Dani Garavelli: UK ban gives Donald Trump the last laugh

Allowing Trump to visit Britain is a far surer way of discrediting his obnoxious views. Photograph: Timothy A Clary/Getty

Allowing Trump to visit Britain is a far surer way of discrediting his obnoxious views. Photograph: Timothy A Clary/Getty

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TOMORROW parliament is going to debate one of the great questions of our time: should Donald Trump - potentially the next US president – be banned from entering the UK? If the rhetorical power of those in favour of such a move persuades Home Secretary Theresa May to do as they suggest (unlikely, I know), then they will have played right into the tycoon’s hands, consolidating his image as a martyr, a speaker of unpalatable “truths” and possibly boosting support in America. They will also have made Alex Salmond and other political leaders look foolish for having worked so hard to entice him to the country in the first place.

Right now, Salmond doesn’t need others to make him look foolish; he is doing a perfectly good job of it on his own. There he is on LBC Radio, a bumptious parody of his bumptious self, fielding calls in a jocular, tipsy-uncle-at-a-party style. For months now, Salmond and Trump have been behaving like estranged lovers, still bitter over how it all went wrong. Having endured an acrimonious split, they remain obsessed by each other, unable to resist trading insults while everyone else stares at the floor.

Last week, asked about the US billionaire, the former first minister made a fatuous comment about Trump’s toupee before calling on him to give up his ownership of Turnberry and agreeing that – yes – this hate-monger should be banned from our shores. He doesn’t seem to understand that every time he criticises Trump - for opposing wind farms, for over-stating his investment in Aberdeenshire, for fomenting Islamophobia – he calls his own judgment into question. As for the parliamentary debate, which has come about because a petition calling for a ban garnered 560,000 signatures and carries no mandate, isn’t it just an easy way for MPs to flaunt their liberal credentials without having to tackle the more complex issues around immigration, radicalisation and growing intolerance towards Muslims at home?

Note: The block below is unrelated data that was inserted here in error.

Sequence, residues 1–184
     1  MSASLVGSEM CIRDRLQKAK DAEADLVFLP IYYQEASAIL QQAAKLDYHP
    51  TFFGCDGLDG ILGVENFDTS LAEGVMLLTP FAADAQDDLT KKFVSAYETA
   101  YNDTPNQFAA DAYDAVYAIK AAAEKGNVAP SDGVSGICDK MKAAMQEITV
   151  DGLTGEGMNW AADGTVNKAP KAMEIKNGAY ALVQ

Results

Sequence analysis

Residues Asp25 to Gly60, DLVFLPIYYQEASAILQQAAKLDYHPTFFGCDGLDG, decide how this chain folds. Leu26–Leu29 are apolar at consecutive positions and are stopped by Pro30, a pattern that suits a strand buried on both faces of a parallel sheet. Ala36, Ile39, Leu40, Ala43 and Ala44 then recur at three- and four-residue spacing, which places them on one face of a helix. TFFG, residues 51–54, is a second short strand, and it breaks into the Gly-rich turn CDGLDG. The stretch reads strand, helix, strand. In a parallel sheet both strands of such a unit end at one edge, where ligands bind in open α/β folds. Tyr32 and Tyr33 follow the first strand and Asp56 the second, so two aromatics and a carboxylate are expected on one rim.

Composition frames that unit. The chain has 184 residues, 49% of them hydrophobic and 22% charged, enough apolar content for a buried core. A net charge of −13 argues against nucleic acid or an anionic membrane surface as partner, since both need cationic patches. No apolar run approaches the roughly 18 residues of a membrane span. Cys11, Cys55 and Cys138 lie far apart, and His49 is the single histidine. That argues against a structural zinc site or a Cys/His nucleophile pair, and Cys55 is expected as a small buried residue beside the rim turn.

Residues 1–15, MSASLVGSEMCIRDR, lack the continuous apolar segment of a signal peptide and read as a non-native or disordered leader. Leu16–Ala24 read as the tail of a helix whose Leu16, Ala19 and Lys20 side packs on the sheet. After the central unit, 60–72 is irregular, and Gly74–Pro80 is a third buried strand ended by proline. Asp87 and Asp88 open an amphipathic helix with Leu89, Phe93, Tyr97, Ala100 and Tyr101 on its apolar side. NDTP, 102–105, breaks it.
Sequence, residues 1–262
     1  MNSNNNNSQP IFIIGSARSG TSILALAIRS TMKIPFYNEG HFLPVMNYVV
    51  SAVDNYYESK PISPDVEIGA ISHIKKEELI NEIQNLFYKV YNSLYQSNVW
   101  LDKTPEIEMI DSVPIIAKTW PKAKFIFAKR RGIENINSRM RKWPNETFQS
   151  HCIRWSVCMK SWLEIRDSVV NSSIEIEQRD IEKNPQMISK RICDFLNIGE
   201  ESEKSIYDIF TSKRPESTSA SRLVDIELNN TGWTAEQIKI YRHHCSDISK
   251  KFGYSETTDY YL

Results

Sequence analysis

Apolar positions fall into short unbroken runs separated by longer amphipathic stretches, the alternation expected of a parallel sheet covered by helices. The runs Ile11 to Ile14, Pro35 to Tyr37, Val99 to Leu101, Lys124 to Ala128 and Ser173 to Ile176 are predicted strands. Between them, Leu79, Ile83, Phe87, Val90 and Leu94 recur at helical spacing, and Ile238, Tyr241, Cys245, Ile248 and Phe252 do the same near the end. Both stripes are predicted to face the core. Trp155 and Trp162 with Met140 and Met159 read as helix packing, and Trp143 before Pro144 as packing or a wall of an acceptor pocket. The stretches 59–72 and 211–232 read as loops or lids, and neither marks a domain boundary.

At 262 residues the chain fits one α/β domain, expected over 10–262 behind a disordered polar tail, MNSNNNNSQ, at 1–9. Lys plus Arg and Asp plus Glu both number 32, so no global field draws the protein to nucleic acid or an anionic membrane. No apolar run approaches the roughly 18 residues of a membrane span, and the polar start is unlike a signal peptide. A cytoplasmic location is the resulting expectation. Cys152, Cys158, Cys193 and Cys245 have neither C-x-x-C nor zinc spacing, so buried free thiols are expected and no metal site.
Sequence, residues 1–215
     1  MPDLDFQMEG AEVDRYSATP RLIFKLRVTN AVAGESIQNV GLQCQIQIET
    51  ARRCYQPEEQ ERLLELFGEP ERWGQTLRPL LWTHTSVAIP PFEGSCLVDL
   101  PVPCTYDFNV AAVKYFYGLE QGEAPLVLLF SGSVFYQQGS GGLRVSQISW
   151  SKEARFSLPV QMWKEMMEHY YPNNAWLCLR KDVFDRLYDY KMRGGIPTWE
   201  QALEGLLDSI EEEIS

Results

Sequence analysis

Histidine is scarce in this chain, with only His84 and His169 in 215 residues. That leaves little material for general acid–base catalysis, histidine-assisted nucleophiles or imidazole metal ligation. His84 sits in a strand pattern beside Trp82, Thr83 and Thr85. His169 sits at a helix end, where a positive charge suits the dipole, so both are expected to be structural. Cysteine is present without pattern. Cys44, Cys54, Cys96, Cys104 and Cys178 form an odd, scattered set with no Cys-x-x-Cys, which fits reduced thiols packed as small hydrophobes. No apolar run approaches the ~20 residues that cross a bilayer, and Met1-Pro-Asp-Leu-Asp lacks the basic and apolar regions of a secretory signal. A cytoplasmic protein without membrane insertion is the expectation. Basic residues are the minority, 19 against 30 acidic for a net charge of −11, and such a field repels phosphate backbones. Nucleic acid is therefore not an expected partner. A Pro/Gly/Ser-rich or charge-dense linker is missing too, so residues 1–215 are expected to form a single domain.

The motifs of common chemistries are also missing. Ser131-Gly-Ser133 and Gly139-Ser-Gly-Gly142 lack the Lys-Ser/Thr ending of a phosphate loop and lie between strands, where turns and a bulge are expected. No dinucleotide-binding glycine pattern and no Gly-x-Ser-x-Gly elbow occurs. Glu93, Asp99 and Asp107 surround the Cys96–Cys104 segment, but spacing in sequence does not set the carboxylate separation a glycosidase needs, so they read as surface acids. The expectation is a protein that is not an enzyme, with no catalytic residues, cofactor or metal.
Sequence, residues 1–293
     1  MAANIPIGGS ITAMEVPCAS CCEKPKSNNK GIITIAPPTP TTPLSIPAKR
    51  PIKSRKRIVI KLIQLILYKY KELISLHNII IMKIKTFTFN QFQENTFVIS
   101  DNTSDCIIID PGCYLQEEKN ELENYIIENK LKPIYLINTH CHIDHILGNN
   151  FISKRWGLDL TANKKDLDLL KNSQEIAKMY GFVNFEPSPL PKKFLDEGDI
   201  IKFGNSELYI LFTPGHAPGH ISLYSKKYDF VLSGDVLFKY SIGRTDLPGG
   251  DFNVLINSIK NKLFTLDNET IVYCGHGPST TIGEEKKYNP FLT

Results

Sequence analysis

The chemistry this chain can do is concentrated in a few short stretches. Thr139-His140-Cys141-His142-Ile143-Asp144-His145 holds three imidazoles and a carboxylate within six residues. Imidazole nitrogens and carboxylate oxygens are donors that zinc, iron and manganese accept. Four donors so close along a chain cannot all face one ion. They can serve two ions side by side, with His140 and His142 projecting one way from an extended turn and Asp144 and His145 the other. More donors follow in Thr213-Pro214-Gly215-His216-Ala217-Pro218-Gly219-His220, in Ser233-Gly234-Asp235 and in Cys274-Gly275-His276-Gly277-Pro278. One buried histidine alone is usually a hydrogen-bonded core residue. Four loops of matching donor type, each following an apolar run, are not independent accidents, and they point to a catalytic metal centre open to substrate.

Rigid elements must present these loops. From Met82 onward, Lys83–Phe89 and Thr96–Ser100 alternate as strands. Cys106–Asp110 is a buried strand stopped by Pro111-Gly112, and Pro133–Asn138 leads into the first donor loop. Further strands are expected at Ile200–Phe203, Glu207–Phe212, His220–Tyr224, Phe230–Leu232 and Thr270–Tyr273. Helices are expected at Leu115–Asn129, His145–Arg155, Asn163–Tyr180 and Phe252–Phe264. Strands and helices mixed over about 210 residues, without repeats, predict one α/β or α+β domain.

It’s similar to the way we tout Nadiya Hussain winning the Great British Bake Off (with a wedding cake wrapped in a sari in the colours of the Union Jack) as evidence of our multi-culturalism, while glossing over some of the more insidious racism that manifests itself in, for example, posts to SNP minister Humza Yousaf’s ­Facebook and Twitter accounts.

Of course, Trump’s views are antithetical to the values of our country. No-one doubts his call for all Muslims to be banned from entering the US –made at a time of intense racial volatility – was utterly unacceptable. And we have plenty of our own bigots to contend with without importing them from other countries. Only last week, Katie Hopkins wrote a column criticising English education authorities for taking Ramadan into account when they draw up next year’s exam timetables. In November, Richard Dawkins touted his anti-Islamic opinions on Bill Maher’s HBO show.